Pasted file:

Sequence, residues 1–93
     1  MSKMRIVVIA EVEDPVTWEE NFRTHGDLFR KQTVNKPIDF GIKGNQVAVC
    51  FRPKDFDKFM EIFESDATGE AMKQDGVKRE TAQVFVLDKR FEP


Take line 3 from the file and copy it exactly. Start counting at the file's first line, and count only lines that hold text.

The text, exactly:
    51  FRPKDFDKFM EIFESDATGE AMKQDGVKRE TAQVFVLDKR FEP